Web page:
Chase the Fun: A Cliché You Never Hear as a Writer
There are a lot of clichés writers say when they're talking about their trade. "I don't believe in writer's block," is one. It's as flippant as it is nonsensical. "I write whether I'm inspired or uninspired," is another. That one at least shows some wisdom because it's about having a work ethic. "I write because I have to," is another favorite eye-roller. Puh-leeze, get over yourself.
You've probably heard a dozen more. But let me ask you, have you ever heard a writer say, "I write because it's fun"? Rarely, I think.
Writing is a professional endeavor, sure, but do I really want to toil in a job that I hate?
It's tough, very tough, as a writer to remember that this activity is supposed to be fun. This is true especially now, when the entire publishing industry has drawn in on itself and there are fewer readers in the world than ever before. Better to spend your time on something more rewarding such as building ant farms. I've spent months, years, finishing projects only to see them get rejected again and again. I've dealt with unscrupulous publishers and filmmakers, knuckleheaded reviewers, indifferent readers, and fellow writers so drunk on their own egos that they forgot the meaning of friendship. I've lost money every year as a writer. I have a folder of rejection letters as thick as my arm. Therefore, is it any wonder as I now approach mid-life that I ask, Why, oh why, am I still investing my time and energy in this?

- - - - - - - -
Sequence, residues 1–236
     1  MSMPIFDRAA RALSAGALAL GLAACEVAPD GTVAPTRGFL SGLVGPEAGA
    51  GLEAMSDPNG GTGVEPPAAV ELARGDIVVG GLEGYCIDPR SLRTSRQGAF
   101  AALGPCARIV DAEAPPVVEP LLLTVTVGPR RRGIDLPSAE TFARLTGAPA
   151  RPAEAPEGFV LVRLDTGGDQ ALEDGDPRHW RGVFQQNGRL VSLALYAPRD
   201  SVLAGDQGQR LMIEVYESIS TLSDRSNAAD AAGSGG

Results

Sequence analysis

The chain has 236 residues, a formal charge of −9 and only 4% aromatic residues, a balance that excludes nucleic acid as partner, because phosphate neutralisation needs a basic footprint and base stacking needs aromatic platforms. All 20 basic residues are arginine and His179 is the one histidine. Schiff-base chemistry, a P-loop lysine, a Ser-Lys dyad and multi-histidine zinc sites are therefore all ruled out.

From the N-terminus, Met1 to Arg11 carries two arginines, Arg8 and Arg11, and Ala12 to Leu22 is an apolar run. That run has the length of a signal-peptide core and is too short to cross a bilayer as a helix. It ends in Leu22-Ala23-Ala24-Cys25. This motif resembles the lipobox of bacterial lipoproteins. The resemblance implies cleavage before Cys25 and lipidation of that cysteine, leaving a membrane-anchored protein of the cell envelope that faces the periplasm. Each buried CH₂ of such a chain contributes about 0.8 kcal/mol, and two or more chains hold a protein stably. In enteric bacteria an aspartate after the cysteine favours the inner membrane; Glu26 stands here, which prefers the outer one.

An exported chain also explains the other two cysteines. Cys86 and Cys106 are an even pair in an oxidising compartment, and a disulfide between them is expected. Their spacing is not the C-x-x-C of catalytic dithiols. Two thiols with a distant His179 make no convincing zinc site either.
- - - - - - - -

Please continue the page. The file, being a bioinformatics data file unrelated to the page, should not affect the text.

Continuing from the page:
Fun? Yeah, give me a break.
And yet, when it's the end of the day, and I'm done partaking of the wine of sour grapes, I still hold onto those moments when yes, I had fun. I relish the buzz that came from laying down that perfect line or image, the one that made me giggle.
Since I am, at the moment, "between book publishers," I've made more of an effort to let my sense of fun, rather than my sense of obligation, guide me from project to project. Last spring, I finished a full-length stage play, a sea-faring comedy with wacky pirates and a Lovecraftian monster. I wrote a short, romantic comedy skit about secret agents and mistaken identity in a bar. Then I launched into two dark short stories that were, unsurprisingly, about babies and birthing. I've also been recording short stories for places like Variant Frequencies and SFZine. I've been blogging about whatever the hell I want. And at the moment, I'm futzing around with animation software from Xtranormal.com to create silly, short movies like these:
Is any of this going to get me any farther in my publishing career? Probably not. But am I having fun? Yes.
Is creating things for my amusement at least causing me to sit down and be creative for part of the day? Yes. And that, ultimately, is the value of chasing the fun.
Where this formula sours for me, as I believe it does for many writers, is when I start equating fun with the attention or money I hope to garner one day with writing. I admit it: I have the most fun when composing for a specific market, especially one that has hired me or invited me to submit. That kind of carrot on a stick has kept me going for years. The trouble comes when the carrot rots or when the stick is struck by lightning. At that point, it's very tempting to hang it up.
So, I have a New Year's resolution to make — a couple months early, but here goes. I'm going to throw the carrot and stick down beside the path. I'm going to skip down the trail instead, just as I've been doing. Writing is a professional endeavor, sure, but do I really want to toil in a job that I hate?
Put down the carrot and stick. Pick up the jump rope.
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